Roughly two years after the Fresno City Council approved mobile showers and restrooms for the unhoused community, the city’s first mobile shower trailer is up and running.
The trailer, which has four bathrooms equipped with showers, toilets and sinks, sits across the street from the Poverello House on Thursday morning. It was hooked up to a mainline water connection and ran off a generator.
“Showers and restrooms are the No. 1 request from the homeless for decades,” District 3 Councilmember Miguel Arias said Thursday at the site of the mobile shower.
Arias added that he hopes the restrooms will also relieve the need “to clean up human feces and urine from public buildings and from small business storefronts, which is a top complaint for the business community.”
In 2020, the city approved CARES Act funding to purchase mobile bathroom trailers, Arias said. In January 2021, the Fresno Bee reported that the trailers had been purchased and were expected by late February. The city quietly launched its pilot program for the showers July 6.
To date, the city has only received one trailer – equipped with four restrooms, one of which is wheelchair accessible – due to substantial supply chain delays, according to Arias. Phil Skei, the assistant director of Fresno Planning and Development, said the second mobile bathroom trailer estimated that the second trailer would not arrive for another nine months.
Arias added that the city received the first trailer several months ago but wasn’t able to begin operations until now because the trailer had to be customized for a generator and the city had to find an organization that could quickly begin operating the showers.
The city partnered with Grace Bound Inc., a Fresno faith-based organization that had been operating a private mobile shower out of an RV for the unhoused community since 2018. Grace Bound Inc. will operate the mobile shower trailer in its pilot phase, then the city will issue a request for proposals to operate the trailers moving forward, Arias said.
Arias said the program is likely to cost around $4,000 a month. Skei said each trailer cost around $130,000 to purchase.
The need for mobile showers
Earl Myers III, a supervisor for GraceBound Inc., and Natasha Crawford, a GrouceBound Inc. employee, sat under a canopy next to the trailer – next to them sat bins of soap, towels, underwear, snacks and personal protective equipment for those who need resources.
“I think in this situation for a lot of people, it’s their only solace,” Crawford said of the shower. “It’s their way to be tucked away and by themselves for a minute.”
Myers said on Wednesday roughly a dozen people used the showers and by 11 a.m. on the second day of the pilot program, six people had stopped into the mobile trailers.
“Everybody’s been respectful and clean, and it’s running pretty smooth,” Myers III said. “So we’re off to a good start.”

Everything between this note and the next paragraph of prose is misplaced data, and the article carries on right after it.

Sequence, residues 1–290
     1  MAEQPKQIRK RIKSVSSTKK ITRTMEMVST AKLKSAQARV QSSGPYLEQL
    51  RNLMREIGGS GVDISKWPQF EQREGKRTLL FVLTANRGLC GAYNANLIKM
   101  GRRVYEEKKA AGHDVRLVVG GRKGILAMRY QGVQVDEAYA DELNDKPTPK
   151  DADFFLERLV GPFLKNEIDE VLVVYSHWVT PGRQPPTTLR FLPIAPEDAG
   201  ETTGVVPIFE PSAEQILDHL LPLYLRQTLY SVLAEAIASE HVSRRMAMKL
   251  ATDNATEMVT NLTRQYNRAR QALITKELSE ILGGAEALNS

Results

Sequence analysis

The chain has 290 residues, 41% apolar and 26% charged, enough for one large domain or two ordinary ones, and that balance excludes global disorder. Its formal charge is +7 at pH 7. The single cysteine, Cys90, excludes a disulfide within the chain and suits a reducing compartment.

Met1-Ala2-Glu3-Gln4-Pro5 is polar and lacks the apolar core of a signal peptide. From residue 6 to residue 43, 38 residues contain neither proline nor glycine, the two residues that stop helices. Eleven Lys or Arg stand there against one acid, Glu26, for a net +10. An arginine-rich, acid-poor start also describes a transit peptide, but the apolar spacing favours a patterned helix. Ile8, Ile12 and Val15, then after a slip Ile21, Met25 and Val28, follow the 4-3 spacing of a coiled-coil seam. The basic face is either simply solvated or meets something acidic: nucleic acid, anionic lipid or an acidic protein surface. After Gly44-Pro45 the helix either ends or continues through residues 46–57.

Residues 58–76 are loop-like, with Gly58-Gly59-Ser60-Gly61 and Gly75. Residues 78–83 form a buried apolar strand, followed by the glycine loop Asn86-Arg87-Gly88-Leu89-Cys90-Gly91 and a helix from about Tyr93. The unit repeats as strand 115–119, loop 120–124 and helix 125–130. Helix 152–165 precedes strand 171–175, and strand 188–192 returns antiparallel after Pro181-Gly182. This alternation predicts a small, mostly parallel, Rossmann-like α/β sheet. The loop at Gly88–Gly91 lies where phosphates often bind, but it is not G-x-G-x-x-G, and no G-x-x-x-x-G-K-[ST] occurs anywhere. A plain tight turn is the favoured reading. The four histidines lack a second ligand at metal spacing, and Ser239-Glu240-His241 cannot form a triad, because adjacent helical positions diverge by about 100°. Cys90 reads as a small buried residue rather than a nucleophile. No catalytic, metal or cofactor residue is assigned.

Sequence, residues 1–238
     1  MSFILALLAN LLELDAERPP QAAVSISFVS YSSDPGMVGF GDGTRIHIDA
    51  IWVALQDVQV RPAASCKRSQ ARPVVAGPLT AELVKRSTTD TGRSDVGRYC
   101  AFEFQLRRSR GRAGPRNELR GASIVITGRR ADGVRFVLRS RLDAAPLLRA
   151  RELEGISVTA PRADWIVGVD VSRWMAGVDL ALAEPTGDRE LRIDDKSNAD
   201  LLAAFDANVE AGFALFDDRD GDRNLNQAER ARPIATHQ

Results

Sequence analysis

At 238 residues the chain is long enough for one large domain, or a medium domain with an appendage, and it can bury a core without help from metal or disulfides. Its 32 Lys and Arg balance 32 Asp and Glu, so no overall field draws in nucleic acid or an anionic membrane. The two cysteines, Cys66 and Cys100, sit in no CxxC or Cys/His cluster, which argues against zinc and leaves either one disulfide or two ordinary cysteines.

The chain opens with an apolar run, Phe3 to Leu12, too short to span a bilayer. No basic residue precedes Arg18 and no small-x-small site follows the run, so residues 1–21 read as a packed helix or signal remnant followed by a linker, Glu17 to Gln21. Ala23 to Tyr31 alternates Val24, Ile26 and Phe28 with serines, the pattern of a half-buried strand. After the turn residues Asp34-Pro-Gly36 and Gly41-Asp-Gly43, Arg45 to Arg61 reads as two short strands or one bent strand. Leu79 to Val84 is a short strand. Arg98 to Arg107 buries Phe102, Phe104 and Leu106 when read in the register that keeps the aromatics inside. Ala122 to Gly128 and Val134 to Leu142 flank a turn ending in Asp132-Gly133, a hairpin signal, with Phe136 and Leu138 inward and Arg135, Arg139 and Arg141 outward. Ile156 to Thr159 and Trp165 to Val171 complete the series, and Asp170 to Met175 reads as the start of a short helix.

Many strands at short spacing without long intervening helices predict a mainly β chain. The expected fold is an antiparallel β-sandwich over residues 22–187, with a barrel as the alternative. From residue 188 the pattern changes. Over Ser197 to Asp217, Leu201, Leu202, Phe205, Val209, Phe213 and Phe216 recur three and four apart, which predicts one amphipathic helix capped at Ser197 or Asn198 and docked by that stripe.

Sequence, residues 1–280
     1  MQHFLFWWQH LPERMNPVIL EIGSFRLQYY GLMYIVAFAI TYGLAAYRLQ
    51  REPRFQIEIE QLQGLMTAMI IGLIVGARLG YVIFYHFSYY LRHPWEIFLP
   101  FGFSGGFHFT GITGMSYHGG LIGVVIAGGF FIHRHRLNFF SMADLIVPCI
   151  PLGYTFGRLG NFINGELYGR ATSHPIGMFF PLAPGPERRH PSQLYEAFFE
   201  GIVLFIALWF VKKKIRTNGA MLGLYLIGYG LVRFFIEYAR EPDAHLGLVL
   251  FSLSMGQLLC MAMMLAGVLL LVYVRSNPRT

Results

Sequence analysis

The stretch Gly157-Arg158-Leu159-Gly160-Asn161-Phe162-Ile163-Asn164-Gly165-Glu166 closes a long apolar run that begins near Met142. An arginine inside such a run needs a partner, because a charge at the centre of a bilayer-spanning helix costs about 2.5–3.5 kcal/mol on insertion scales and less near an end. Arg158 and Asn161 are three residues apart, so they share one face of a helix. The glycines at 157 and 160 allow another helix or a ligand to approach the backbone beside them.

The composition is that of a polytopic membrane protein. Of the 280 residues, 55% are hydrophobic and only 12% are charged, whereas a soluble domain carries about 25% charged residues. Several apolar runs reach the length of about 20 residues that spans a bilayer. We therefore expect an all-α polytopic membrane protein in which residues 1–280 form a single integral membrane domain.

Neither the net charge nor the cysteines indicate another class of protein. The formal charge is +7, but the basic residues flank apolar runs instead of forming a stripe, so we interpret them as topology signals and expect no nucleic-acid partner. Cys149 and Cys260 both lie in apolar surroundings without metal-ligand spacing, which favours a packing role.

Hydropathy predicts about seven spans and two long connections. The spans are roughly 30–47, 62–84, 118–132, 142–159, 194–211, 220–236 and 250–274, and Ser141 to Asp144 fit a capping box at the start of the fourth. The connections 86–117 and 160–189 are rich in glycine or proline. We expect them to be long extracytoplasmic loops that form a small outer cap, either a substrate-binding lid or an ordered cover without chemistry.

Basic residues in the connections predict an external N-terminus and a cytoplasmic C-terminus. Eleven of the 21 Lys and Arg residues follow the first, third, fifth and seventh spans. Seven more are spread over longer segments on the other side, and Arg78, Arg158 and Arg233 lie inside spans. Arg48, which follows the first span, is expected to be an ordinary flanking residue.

According to Arias, the trailer will not likely be stationed across from the Poverello House in the future because the homeless shelter and food kitchen operates publicly available showers at their facility, however the location gave the city time to “work out the kinks” and figure out what is needed to run the program. He added that several council members have begun identifying locations in which the trailer can be parked.
For now, he said the plan will be to rotate the location on a weekly basis. It has not yet been determined where the trailer will be located next week.
Ruben Ortega, who has lived in his van for roughly a year and is waiting for housing, said he was grateful for the new showers. Ortega said he usually showers at a gym, but feels that having public shower trailers is a more accessible resource for many that don’t have housing.
“It’s great, it’s really great,” Ortega said. “My only question is, instead of traveling, can’t they have other other mobile showers, expand more of them, instead of just having just one? It’ll be helpful … and I know it’s something that could happen little by little.”
Arias said he hopes that in the future, the city will be able to purchase additional mobile restroom trailers and create a schedule so people know when and where they can access the showers.
He said that the showers can be stationed wherever there is a hookup to the main waterline, an access point to the city’s sewer line and an open area for the generator to circulate air, calling them a “citywide solution” to a “city wide crisis.”
“This is a basic human need we’re finally meeting,” Arias said. “This should have happened 20 years ago, but it’s here now and we’re gonna make the most of it.”
For now, the showers are expected to be open Monday through Friday from 8 a.m. to 1:30 p.m.; where it will be located next has not yet been determined.
Correction: This article has been updated to provide a more accurate estimate of the timeline the second trailer will arrive and to correct the number of showers provided in each trailer.